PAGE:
• Where more time is needed to assess the quality of the relationship between the child and the proposed carers and to ensure the stability of the placement
  • This is likely to arise after the court has undertaken the welfare evaluation in terms of the possible arrangements for the child/ren. Whilst circumstances vary widely, it is likely that this will lead to an extension of the timetable, particularly if the court has indicated that this is the preferred placement.
  • The extension period will depend on the individual features of the case but any delay should be proportionate to the welfare criteria set out at sections 1(3) and 1(4) Children Act 1989.
  • The interim report by the Public Law Working Group recommends that timetabling for SGO assessments and the support plans should be realistic, robust, comprehensive and compliant with the regulations. It also recommends that if further time is needed to build relationships between the child and the proposed special guardian, then extension of the 26 week will be needed.

7.    Where a viability assessment is positive, the parties and the court should, when making directions for a full SGO assessment, consider, and if necessary, make orders relating to, the time the children will spend with the proposed carers. An evidence-based assessment which does not include any assessment of the proposed carers’ relationship with the child is likely to be regarded as incomplete.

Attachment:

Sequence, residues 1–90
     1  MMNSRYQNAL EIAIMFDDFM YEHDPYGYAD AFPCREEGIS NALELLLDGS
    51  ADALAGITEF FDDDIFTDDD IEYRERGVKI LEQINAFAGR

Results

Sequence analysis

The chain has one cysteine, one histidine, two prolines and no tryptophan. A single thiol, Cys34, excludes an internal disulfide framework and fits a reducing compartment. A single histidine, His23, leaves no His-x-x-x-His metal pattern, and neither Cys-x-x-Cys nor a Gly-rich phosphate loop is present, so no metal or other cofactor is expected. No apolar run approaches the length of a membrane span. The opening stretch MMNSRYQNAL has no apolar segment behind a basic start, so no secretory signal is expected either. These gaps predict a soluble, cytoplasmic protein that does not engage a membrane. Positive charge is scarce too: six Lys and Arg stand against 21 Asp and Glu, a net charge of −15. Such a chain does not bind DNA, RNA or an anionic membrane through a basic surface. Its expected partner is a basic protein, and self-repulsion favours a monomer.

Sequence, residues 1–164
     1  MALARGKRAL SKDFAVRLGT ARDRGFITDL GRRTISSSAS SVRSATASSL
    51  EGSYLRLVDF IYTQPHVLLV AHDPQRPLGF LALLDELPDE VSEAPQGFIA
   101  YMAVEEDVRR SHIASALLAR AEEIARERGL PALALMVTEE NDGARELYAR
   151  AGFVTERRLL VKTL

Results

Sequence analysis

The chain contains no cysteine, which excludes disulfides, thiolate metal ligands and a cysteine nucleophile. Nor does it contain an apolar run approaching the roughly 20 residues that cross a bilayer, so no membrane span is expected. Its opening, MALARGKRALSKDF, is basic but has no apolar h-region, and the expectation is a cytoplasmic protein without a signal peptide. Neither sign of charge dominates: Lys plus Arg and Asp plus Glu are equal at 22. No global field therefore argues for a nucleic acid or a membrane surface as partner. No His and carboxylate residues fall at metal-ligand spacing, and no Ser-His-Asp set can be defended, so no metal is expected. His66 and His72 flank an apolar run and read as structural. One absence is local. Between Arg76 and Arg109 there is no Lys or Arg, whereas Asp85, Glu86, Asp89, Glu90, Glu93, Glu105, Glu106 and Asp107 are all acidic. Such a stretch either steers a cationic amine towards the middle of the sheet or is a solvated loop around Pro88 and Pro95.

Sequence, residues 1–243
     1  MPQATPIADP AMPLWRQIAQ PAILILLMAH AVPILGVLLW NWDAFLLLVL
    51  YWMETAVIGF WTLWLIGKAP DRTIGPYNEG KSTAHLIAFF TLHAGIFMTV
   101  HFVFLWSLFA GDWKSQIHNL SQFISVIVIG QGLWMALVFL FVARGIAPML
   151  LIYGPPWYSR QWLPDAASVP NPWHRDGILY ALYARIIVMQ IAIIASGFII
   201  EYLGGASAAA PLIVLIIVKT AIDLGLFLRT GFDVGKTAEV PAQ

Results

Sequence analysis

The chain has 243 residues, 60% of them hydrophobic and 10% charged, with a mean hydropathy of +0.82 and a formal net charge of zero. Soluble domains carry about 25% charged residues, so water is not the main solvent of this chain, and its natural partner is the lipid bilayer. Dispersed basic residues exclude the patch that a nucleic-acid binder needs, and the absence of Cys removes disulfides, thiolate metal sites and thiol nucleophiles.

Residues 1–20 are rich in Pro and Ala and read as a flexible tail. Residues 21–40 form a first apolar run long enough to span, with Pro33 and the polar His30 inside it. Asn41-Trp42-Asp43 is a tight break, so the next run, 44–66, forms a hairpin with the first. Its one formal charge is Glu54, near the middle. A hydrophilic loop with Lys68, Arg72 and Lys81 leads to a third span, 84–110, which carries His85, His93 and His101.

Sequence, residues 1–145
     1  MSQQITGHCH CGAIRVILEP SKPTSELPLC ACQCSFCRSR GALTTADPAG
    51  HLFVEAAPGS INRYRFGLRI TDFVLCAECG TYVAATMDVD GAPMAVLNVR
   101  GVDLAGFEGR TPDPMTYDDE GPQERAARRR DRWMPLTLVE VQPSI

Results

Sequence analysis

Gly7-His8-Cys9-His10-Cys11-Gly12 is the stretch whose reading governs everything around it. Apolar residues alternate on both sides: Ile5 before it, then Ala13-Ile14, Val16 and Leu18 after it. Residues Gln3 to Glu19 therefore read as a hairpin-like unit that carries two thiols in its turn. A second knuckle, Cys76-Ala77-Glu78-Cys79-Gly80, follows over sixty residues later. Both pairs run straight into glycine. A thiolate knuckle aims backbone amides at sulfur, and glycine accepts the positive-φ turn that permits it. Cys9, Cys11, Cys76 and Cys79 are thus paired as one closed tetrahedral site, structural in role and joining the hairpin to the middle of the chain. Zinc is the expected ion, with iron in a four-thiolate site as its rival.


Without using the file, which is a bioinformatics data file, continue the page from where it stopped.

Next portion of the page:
This is supported by the recommendations of the interim report by the Public Law Working Group which states that Special Guardianship assessments should include a renewed emphasis on the child/special guardian relationship, with special guardians caring for children on an interim basis pre final hearing decision.  It also recommends better training for special guardians and a renewed emphasis on parental contact.

8.      If the court approves an extension, consideration will need to be given to the legal framework. In some circumstances it may not be possible for the child to be placed pursuant to an interim care order under the current regime imposed by Regulation 24 of The Care Planning, Placement and Case Review (England) Regulations 2010. In these circumstances, an alternative approach would be placement pursuant to section 8 Children Act: such as the granting of a Child Arrangements Order and perhaps an interim Supervision Order to provide support for the placement, particularly during any transition period. The court and the parties should be mindful of the consequences arising out of any change to the legal framework, particularly if the child is no longer a “looked after” child pursuant to section 22 Children Act 1989.